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Educator Corner: Excellence and Flow

Educator corner is a feature on the blog that appears regularly. Each entry will feature 1 of the 9 Leadership and Civic Engagement educators from around the state providing space for their thoughts on what may be useful for leaders and followers practicing in their communities and organizations.

dstromme.jpgMy office window looks out on the high school athletic fields and being a former P.E. teacher and coach I find myself taking breaks from the computer at that window to gaze at the activity below. When I do, it's obvious to me when a student is in 'the zone', or what Hungarian positive psychologist and professor Mihaly Csikszentmihalyi calls "flow".

In experiencing flow, the student is absorbed in twisting her Lacrosse stick right and left, high and low until the perfect moment to propel the ball ever so slyly into the upper pocket of the goal. She is creatively using her skills to meet the challenge at hand. She is oblivious to what is going on around her on the field and if asked she would have no idea of the passage of time. The happiness she feels after this moment of flow comes from within.

Flow happens naturally. It is more apt to occur however, when you are engaged in a task that is intrinsically rewarding and one that offers high challenge and requires high skill. According to Csikszentmihalyi, it is the full immersion of flow that creates excellence in life.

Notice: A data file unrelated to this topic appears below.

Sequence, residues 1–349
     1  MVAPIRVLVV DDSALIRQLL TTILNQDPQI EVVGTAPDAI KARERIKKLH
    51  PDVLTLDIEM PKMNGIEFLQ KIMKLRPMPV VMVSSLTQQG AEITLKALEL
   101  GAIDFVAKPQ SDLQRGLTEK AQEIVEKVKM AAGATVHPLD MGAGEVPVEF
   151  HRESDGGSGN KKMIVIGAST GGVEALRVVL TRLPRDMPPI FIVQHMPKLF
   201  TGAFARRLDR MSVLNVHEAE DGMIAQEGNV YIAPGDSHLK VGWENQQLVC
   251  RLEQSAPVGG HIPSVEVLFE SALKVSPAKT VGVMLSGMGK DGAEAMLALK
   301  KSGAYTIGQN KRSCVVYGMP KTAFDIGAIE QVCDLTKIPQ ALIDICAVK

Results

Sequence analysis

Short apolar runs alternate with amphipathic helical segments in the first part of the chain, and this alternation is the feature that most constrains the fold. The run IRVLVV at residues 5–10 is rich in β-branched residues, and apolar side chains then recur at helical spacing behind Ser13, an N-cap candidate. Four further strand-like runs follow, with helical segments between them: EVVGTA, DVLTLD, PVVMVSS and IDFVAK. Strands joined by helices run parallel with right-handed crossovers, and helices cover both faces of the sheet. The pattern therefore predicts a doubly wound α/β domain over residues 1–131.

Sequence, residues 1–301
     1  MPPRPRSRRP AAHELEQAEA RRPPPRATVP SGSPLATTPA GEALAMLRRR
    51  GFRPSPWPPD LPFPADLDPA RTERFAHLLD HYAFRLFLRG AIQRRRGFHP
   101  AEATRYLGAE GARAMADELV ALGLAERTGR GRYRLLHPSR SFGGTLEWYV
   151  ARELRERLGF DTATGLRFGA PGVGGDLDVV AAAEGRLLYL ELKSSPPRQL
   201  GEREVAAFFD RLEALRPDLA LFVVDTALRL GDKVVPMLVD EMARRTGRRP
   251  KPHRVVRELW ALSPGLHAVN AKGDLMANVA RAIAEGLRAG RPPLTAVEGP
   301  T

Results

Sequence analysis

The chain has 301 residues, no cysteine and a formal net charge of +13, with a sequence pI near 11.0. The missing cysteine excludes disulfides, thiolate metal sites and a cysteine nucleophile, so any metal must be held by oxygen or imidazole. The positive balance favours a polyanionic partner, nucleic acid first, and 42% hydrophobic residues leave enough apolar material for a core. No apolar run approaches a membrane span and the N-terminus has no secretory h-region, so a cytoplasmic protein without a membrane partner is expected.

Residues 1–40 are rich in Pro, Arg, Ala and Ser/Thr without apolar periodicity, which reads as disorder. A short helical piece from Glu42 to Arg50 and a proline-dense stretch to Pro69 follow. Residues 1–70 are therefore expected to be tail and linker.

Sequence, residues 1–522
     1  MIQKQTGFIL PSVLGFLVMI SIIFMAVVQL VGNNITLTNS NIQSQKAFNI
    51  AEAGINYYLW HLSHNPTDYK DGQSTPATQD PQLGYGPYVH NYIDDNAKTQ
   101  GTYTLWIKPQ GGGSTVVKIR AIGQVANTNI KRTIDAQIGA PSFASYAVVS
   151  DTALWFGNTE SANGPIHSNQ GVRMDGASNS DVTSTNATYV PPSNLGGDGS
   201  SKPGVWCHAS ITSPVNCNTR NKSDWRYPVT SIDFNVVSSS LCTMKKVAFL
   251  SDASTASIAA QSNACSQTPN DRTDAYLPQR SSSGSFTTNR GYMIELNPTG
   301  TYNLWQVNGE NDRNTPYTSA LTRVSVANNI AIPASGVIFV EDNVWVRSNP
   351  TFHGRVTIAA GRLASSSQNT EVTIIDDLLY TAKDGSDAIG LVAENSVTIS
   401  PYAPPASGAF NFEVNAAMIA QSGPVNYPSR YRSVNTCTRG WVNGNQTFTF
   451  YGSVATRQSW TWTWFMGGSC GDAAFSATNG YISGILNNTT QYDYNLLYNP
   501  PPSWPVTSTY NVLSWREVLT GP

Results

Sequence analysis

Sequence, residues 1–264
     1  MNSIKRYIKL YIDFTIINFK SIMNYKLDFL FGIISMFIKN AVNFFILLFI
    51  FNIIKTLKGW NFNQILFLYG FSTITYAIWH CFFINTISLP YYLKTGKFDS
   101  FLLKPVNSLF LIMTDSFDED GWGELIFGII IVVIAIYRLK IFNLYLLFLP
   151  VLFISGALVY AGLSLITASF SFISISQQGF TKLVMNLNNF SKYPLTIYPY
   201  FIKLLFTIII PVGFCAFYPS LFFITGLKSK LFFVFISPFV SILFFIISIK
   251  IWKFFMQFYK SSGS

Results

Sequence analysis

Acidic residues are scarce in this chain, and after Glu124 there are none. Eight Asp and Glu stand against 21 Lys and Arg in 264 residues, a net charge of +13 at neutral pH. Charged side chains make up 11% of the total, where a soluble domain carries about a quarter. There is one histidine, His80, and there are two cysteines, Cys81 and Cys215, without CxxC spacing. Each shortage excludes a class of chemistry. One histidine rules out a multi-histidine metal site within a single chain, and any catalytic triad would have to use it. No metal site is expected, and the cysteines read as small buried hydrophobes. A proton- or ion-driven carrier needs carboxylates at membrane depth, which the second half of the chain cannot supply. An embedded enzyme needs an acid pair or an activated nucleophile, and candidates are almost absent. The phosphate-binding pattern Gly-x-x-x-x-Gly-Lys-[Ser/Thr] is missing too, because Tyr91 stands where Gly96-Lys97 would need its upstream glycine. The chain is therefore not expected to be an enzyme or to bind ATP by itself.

What creates flow in your life? When do you exercise creativity? What do you get lost in? If you cannot think of many examples, then perhaps it's time you found more opportunities in which you too can experience flow.
Csikszentmihalyi states that to experience flow, the following conditions need to exist:
  • There must be clear goals for which to strive. These goals provide structure and direction.
  • There must be immediate feedback for you to adapt your efforts to maintain flow.
  • You must believe you possess the skills to address the perceived challenges of the activity. Not necessarily to conquer the entire task, but enough to contend with it and continue to make progress.
So tackle that editorial on community involvement that's been buzzing in your head. Get out that game of Scrabble and challenge Aunt Ellen, the family champion, to a grudge match. Dust off that sewing machine and make art kits for the local school. Paint a canvas, a bench, the local homeless shelter. The simple truth is that experiencing a little more flow will go a long way in your life and perhaps more importantly in the lives of those around you.

And luckily, you don't have to be a 15 year old high school Lacrosse player to make that happen.

Csikszentmihalyi, M. (1997). Finding flow: The psychology of engagement with everyday life. New York: Basic Books.

Denise Stromme, educator for Central Minnesota, works out of Extension's regional office in Brainerd.

Any use of this post must include credit to Denise Stromme. For questions, please contact Eriks Dunens, University of Minnesota Extension, at (612) 626-5943 or

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